Clinton, GOP Bemoan Low U.S. Test Scores
Both sides offer different solutions to problem
SALT LAKE CITY, Utah (AllPolitics, Feb. 28) -- Both President Clinton and the GOP used their weekly radio air time Saturday to lament test results showing that American students lag behind those of other industrialized nations in math and science.
In his public address, Clinton urged Senate passage of legislation that would provide $210 million for the improvement of children's literacy. The bill would make local grants available for reading improvement and tutoring.
"We need it. Our children need it," Clinton said.
But a Republican spokesman in his radio remarks countered that federal "one-size-fits-all prescriptions" for beefing up the nation's educational system won't work.
"We need to turn back the authority and the dollars to the local level. We need to get dollars to the classroom," said U.S. Rep. Joseph Pitts, R-Pa, a former math and science teacher.
Study: Students behind in math, science
Clinton -- in Salt Lake City on a family skiing vacation -- and Pitts each referred to last week's release of the Third International Mathematics and Science Study, in which U.S. students scored lower in math than students in 14 other countries and lower in science than students in 11 other countries.
Clinton also noted that 40 percent of U.S. children under 8 can't read at a basic level.
"It tells me we can have no higher priority than to transform our K-12 classrooms in every community," Clinton said.
"We need smaller classes, better teaching, higher standards, more discipline, greater accountability. And clearly, we must give our children more help with reading."
The president also called on American parents to join a renewed emphasis on learning on Monday by participating in the first national "Read America Day," during which they would make a special effort to read out loud to their children and grandchildren.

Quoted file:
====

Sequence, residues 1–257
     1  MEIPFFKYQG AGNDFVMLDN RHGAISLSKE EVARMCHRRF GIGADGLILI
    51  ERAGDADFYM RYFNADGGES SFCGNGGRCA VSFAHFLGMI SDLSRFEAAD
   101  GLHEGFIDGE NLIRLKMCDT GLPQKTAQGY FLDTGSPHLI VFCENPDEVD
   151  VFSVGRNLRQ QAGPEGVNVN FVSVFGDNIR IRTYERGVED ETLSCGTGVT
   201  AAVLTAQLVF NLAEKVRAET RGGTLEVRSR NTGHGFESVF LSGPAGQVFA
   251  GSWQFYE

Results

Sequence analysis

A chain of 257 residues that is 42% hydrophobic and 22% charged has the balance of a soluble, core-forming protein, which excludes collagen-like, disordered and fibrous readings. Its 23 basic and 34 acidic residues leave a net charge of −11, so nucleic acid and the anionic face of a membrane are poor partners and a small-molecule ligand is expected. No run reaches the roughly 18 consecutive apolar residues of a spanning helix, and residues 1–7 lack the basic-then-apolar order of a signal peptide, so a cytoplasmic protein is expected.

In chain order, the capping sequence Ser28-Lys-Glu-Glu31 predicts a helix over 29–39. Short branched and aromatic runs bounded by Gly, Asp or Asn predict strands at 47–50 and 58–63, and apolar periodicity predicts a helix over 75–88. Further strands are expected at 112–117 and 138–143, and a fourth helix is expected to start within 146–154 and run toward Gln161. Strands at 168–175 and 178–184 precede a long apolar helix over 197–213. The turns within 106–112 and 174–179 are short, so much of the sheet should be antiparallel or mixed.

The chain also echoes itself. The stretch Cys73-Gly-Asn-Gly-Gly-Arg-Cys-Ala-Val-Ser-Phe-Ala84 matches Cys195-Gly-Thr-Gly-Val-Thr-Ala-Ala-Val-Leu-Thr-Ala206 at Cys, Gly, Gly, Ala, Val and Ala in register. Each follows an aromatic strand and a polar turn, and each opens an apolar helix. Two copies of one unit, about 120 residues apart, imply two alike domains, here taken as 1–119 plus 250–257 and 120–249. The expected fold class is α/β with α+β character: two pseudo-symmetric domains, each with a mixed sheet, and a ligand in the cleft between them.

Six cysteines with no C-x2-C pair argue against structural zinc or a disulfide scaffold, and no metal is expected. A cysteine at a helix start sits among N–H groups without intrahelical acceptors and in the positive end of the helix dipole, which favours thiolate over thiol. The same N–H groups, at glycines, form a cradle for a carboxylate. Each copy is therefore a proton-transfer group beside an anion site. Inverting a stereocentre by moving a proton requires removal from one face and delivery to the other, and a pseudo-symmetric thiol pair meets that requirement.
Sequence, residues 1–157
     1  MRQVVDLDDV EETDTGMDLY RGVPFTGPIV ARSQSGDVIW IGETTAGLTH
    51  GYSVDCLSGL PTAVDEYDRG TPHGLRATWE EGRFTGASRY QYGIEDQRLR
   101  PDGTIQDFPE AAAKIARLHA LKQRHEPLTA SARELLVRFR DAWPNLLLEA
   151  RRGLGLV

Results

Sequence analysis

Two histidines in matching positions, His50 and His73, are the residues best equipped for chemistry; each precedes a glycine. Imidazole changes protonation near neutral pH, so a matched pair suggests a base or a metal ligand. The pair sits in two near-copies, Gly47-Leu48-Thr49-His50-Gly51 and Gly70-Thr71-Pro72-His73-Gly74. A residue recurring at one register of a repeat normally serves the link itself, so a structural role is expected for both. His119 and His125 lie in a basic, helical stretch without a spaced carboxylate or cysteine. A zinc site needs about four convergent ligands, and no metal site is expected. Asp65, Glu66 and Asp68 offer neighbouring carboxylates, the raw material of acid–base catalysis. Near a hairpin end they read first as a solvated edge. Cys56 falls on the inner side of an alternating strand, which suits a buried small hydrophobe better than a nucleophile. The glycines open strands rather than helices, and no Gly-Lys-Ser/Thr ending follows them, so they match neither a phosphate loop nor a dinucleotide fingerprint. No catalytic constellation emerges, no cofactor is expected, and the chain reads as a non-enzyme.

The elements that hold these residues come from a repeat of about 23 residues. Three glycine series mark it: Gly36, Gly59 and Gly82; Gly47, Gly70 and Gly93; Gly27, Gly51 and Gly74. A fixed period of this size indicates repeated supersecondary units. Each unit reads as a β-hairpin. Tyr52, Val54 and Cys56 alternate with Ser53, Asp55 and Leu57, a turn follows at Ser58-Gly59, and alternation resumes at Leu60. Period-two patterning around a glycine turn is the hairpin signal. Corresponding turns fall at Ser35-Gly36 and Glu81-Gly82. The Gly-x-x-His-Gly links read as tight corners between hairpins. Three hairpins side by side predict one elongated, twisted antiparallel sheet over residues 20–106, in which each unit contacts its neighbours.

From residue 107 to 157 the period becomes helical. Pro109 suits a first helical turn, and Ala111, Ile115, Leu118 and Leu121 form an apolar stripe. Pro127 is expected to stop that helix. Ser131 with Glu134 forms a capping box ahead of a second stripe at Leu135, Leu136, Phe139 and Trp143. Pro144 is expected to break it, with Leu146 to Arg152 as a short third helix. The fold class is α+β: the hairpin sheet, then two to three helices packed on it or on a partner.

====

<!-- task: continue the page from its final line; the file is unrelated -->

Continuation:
The day is sponsored by the National Education Association to honor Dr. Seuss, the late children's author. Dr. Seuss, the pen name of Theodore Geisel, would have been 94 on Monday.
Pitts, meanwhile, said the way to improve education is to give state governments more control over education spending.
He said President Clinton's proposal to deal with the rankings would create a bigger role for the Washington bureaucracy and less control for local schools and parents.
"Amazingly today, only 65 percent of the dollars Washington spends on education actually reach the classroom. The rest of it, unfortunately, is eaten up by a hungry bureaucracy in Washington, before it gets to the states," said Pitts.
He said the Dollars to the Classroom Act he introduced in Congress would reroute education spending.
"We intend to block-grant the funds for many secondary and elementary programs and send them directly to the governors of our 50 states," Pitts said.
He said this would require updated software, more teachers, teachers aides and computers and an increases in merit pay.